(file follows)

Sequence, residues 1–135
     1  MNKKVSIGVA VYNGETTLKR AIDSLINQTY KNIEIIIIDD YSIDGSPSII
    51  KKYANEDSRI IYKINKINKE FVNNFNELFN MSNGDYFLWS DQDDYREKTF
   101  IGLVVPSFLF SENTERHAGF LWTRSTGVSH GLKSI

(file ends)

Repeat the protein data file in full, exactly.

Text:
Sequence, residues 1–135
     1  MNKKVSIGVA VYNGETTLKR AIDSLINQTY KNIEIIIIDD YSIDGSPSII
    51  KKYANEDSRI IYKINKINKE FVNNFNELFN MSNGDYFLWS DQDDYREKTF
   101  IGLVVPSFLF SENTERHAGF LWTRSTGVSH GLKSI